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business-interruption-claims

Progress report on claims processing under Business Interruption Insurance

Feedback from a Whatsapp group of policyholders affected by the drawn-out saga around business interruption as a result of the Covid-19 pandemic indicates that there is widespread confusion and dissatisfaction about how the quantum of the claims are being assessed.

Most concerns centre around how insurers calculate “savings” and government assistance in the form of grants and subsidies such as TERS payments.

One example shows a client whose standard turnover reduced from R8 million to R45 000. After applying items such as “Rate of gross Profit” and “Savings”, the nett claim, including VAT, was reduced to just under R1.4 million. Hereafter it was averaged out over three months to R1.29 million. After deduction of the interim payment for two months, the “Net Claim Owing” came to R37 198.

BI Cover is a global phenomenon

Interestingly, the UK courts, in deciding on the eligibility of BI cover in the wake of Covid took guidance from the ground-breaking case of Café Chameleon in the Western Cape High Court. In return, further local cases again made liberal use of the views and findings contained in the UK High Court test case, initiated by the Financial Conduct Authority.

There appears to be a common thread between what is happening here and in the UK.

A document titled FCA Updated statement on non-damage BI settlements and deductions made for government support sheds some light on what transpired since a statement published in August 2020 to guide insurers on how to make deductions from business interruption (BI) insurance claim payouts for some types of government support given to policyholders. This was expanded on in a “Dear CEO letter” dated 18 September 2020 which clarified the regulator’s expectations:

  1. The Government’s treatment of the Small Business, Retail, Hospitality and Leisure or Local Authority Discretionary grants for tax purposes is not a proper basis for insurers to treat these payments as turnover under the policies.
  2. Insurers could not apply these amounts as savings against fixed business expenses. This is because these amounts are not made for any particular business expense and policyholders will have used the grants in different ways.

“We confirmed our expectation that firms explicitly consider the treatment of the various forms of government support at Board level and appropriately document their consideration and conclusions. We told insurers that we would follow up with them individually as appropriate.  We also advised that we would continue to consider the appropriateness of any deductions of any other form of Government support when calculating the BI losses.”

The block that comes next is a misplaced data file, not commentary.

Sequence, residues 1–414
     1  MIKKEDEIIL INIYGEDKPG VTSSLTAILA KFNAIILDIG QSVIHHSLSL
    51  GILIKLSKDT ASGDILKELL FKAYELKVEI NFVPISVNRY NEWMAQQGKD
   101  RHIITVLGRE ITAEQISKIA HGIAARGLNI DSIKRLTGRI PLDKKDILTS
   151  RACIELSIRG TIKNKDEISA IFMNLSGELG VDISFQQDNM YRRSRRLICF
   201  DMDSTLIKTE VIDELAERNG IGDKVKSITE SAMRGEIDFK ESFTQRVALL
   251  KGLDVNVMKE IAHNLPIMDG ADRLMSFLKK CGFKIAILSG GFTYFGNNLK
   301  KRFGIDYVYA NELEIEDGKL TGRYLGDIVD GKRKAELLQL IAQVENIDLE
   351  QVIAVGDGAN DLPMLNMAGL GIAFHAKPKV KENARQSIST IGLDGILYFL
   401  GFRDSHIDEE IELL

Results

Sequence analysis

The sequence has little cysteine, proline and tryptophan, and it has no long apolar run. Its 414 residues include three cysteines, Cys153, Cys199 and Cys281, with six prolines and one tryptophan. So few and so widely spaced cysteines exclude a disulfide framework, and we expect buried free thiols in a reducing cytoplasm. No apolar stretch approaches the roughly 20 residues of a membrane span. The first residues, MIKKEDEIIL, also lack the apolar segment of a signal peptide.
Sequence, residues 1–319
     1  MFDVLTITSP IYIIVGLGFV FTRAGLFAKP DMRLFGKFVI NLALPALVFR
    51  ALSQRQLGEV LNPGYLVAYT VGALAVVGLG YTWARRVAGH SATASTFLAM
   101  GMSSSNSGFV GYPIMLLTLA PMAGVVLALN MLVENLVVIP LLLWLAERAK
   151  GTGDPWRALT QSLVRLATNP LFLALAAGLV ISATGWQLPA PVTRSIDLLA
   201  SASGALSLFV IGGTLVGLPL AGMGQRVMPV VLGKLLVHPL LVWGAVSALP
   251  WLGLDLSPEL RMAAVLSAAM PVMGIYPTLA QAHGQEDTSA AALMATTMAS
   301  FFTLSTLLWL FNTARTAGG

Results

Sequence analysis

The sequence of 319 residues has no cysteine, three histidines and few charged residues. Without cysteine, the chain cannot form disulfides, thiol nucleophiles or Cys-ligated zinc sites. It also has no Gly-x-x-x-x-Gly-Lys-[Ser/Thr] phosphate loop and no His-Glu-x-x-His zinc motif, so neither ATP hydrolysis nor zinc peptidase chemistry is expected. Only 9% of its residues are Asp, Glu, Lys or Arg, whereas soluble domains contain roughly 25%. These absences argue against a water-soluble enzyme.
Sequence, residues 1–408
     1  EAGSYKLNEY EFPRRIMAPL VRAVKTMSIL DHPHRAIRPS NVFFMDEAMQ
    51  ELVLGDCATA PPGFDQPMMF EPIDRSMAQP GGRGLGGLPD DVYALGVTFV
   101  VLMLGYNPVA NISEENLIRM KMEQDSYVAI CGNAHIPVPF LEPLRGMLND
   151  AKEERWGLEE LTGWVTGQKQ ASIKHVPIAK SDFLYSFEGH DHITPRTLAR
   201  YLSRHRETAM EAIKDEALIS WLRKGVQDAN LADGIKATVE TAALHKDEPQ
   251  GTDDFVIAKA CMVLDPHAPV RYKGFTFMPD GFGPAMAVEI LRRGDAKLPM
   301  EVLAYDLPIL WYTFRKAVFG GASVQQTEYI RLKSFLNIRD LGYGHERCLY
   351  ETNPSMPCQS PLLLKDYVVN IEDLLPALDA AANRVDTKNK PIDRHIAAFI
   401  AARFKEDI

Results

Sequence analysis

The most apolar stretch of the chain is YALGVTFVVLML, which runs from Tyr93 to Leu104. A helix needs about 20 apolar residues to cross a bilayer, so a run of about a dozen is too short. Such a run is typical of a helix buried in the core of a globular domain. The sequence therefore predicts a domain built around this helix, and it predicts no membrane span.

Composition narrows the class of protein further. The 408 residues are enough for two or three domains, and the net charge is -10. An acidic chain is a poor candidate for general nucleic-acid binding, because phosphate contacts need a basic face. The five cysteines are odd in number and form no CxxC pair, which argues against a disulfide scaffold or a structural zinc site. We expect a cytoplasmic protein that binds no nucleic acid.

“On 25 September 2020, in discussions between the Association of British Insurers (ABI) and The Economic Secretary to the Treasury, the ABI confirmed that a number of insurers have agreed not to deduct certain grants from Covid-19 claim payments.”

Regulatory involvement

Policyholders who took the rejection of their initial claims to the Short-term Ombud were informed last week that these complaints were now viewed as finalised as the insurers had admitted liability. They are at liberty to approach the ST Ombud again should they not be satisfied with how the claims are handled.

An update from the FSCA in February 2021 stressed that “…insurers must ensure that policyholders do not face unreasonable post-sale barriers to submit CBI claims.”

The regulator also expanded as follows on the so-called Trends clause contained in most contracts:

This is a clause in an insurance contract the purpose of which “is to adjust the loss an insured has suffered as a consequence of the insured peril, so that the insured is put in the same trading position after the business interruption, as if it had not happened”.

“The FSCA requested insurers to be mindful of the factors to be considered when applying the “trends clause” and to ensure that it is applied in line with the court judgment. This means that no insurer may, when it considers adjusting the loss that a policyholder has suffered as a consequence of Covid-19 and the government’s response to it (composite insured peril), take into consideration circumstances which are part and parcel of the composite insured peril. The FSCA will closely monitor how the “trends clause” will be applied by the non-life insurance industry.”

Judging by the turn of events prior to accepting liability, finalising claims to the satisfaction of both parties could still take some time. In the meantime, most businesses in the hospitality sector are under great financial stress, and are running out of resources. This is not helped much by the government’s decision to provide financial aid in line with BEE principles. This is not the time to encourage start-up businesses; there are tens of thousands of employees who are likely to lose their jobs if existing businesses are allowed to go under.

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